‘Have the elder races halted?’: British socialist readings of ‘Pioneers! O Pioneers!’Kirsten Harris
First published in Drum-Taps less than a month after the assassination of Abraham Lincoln, ‘Pioneers! O Pioneers!’ (1865) has often, and with good reason, been read in the context of national reconstruction after the American Civil War. As Eric Mottram has suggested, the poem ‘loudly articulates healing nationalism through the tradition of westward expansion’.1 Whitman employs the rhetoric of manifest destiny and expansionism as a unifying strategy to counter the perceived threat of disunion and division to the American democratic ideal: the development of western America is presented as a common goal able to heal the nation’s wounds after the Civil War. The frontier era did not draw to a close until the end of the nineteenth century so the figure of the pioneer could be read both literally and symbolically. In ‘Pioneers’ the myth of the west, so embedded in the development of the United States, functions as a continuum linking the past to the future; expansionism encompasses both tradition and potential. In national terms, the speaker’s vision is resolutely inclusive: ‘All the hands of comrades clasping, all the Southern, all the Northern’. The image of unity is reinforced by Whitman’s insistent use of the plural pronoun ‘we’. Throughout Leaves of Grass Whitman makes use of the catalogue to stress the variety of individuals and occupations that make up both the social whole and the poet’s own capacious self, but in ‘Pioneers’ there is no such division of labour. The ‘conquering’, ‘holding’, ‘daring’, ‘venturing’, ‘felling’, ‘stemming’, ‘vexing’, piercing’, ‘surveying’ and ‘upheaving’ are all carried out by an integrated and undifferentiated ‘we’.
This inclusivity only extends so far as the national borders:
Rhys used ‘Pioneers’ within this democratic social framework; not only did he include the poem in his selection but he also gave the ‘elder races’ stanza as an epigraph, made allusions to its rhetoric and themes in the final paragraphs of his preface, and concluded with a ‘call to arms’ that echoed that of Whitman’s speaker. By not directly acknowledging the nationalist elements of the poem, ‘Pioneers’ could be adopted in such a way that its Americanness was largely side-stepped and it could be used instead to further the socialist cause within Britain.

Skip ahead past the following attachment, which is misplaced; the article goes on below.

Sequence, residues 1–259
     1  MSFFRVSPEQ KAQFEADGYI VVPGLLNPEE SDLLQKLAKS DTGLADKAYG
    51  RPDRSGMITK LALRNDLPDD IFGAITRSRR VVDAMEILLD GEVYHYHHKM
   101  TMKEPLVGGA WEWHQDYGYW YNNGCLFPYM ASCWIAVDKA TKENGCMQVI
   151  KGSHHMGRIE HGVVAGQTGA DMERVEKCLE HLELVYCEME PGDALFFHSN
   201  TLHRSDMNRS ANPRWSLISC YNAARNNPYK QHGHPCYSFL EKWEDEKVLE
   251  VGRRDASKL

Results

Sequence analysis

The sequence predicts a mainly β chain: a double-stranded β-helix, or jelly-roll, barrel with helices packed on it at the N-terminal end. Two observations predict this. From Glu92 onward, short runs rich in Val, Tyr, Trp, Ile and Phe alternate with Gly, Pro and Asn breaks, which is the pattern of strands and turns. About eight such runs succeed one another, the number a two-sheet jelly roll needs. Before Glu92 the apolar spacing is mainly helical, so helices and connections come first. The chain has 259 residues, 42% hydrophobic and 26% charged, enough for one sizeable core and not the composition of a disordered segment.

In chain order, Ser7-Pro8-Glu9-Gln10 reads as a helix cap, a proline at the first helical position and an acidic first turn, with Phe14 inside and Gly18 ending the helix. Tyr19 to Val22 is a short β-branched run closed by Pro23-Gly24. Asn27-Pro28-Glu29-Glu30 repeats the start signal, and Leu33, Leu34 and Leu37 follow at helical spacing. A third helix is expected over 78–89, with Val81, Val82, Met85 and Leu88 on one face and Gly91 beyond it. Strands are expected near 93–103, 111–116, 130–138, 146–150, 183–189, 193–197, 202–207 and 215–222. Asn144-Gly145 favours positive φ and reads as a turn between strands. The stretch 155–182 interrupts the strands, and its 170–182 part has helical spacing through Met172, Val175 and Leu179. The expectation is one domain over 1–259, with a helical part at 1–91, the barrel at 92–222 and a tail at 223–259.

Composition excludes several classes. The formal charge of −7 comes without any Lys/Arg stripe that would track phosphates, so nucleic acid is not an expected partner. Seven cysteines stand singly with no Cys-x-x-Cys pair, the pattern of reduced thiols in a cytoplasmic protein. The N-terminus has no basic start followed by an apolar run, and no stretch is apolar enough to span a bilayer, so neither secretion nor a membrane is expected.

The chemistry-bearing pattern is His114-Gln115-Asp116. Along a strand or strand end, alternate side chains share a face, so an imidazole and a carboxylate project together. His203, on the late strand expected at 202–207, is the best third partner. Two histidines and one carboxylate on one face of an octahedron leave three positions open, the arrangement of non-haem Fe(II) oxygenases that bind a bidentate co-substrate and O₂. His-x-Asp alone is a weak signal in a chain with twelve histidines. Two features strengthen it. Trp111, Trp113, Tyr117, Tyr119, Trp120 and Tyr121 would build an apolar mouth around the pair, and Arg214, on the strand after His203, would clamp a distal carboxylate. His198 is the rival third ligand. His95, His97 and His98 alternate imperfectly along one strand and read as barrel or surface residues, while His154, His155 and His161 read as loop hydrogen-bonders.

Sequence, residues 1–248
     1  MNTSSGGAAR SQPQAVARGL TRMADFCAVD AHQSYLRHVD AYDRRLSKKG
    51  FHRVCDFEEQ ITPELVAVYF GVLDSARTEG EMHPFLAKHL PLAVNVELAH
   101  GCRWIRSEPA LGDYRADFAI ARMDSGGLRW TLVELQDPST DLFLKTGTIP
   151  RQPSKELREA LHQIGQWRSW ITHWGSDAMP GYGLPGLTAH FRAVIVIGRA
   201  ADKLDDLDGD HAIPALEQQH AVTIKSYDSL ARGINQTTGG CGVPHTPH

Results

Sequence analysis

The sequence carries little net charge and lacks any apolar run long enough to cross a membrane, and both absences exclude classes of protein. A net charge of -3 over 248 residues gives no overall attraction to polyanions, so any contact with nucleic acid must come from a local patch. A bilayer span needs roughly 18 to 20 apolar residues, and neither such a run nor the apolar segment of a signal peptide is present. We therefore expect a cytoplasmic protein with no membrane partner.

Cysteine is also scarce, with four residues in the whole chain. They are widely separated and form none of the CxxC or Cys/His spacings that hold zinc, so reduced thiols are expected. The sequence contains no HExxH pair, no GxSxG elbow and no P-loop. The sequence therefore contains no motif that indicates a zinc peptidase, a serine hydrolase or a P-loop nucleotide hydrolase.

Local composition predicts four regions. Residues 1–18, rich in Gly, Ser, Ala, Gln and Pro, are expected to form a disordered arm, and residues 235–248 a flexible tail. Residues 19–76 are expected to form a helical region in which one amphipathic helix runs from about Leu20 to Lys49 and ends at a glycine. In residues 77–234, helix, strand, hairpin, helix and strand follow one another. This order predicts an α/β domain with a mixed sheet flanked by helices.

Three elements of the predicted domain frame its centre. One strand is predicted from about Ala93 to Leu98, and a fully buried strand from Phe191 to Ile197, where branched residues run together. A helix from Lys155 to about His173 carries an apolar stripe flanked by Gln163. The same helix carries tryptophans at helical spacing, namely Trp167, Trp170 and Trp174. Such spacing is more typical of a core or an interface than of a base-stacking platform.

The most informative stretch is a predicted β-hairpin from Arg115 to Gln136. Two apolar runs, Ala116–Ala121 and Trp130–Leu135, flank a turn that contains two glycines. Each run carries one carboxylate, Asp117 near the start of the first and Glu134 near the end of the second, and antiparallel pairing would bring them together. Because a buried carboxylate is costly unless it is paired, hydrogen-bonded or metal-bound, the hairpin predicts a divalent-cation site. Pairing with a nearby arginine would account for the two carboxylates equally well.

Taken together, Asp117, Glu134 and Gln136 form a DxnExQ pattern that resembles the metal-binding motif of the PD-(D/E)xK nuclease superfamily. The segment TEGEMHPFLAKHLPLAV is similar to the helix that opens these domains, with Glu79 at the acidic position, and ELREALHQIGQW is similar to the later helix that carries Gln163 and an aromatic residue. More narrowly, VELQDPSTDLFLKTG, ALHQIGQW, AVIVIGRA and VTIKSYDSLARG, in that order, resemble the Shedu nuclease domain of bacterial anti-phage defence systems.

What I – and many young men like me, ardent believers in your poetic initiative – chiefly feel about this, is, however, that an edition at a price which will put it in the hands of the poorest member of the great social democracy is a thing of imperative requirement. You know what a fervid stir and impulse forward of Humanity there is today in certain quarters! And I am sure you will be tremendously glad to help us here, in the very camp of the enemy, the stronghold of caste and aristocracy and all selfishness between rich and poor!4
The letter quoted above shows that Rhys shared the speaker’s critical attitude towards the ‘elder race’ to some extent: the structure of Britain’s socio-political systems was perceived as being outdated and unjust. Edward Whitley proposes that ‘Rhys seems to position America as the geographic site of democracy and Whitman’s poetry as the means for accessing it for British ends. He seems to be trying to recuperate from Whitman and America the democracy he saw lacking in Victorian England’.5 Certainly, this is one way in which the progressive march of ‘Pioneers’ is invoked. Whitman is offered as a source of democratic inspiration:
Again: ‘We who are young may well respond to him, too, in turn, and advance fearlessly in the lines of his unique initiative.’7 The tone and the martial imagery recall that of ‘Pioneers’. This is epitomised in the double meaning of the word ‘lines’ which conflates the military with the poetic. Luke Mancuso notes that the word ‘pioneer’ can be traced back to the French peonier, or ‘foot-soldier’, and usefully suggests that in ‘Pioneers’ it ‘denotes an imagistic parallel to the martial images of the war troops’.8 Indeed, this parallel is the poem’s core premise; Whitman exploits the semantic duality of the word and presents the notion of westward expansion in military terms. The rhetoric and imagery of war is reshaped and directed towards a reconstructive unifying purpose. This trope frames the poem: in the opening stanza the pioneers are not called to get tools ready but ‘weapons’; in the final stanza the trumpet sound at daybreak calls the ‘army’ of pioneers to their places. Many words with military overtones are chosen, such as ‘debouch’ and ‘detachments’, and the extended metaphor of the war march is employed.
And with his tones of heroic incitement and earnest remonstrance ringing in our midst, we who are young may do much in the stress and tumult of the advance to a new and endangered era for the high order of love and truth and liberty.6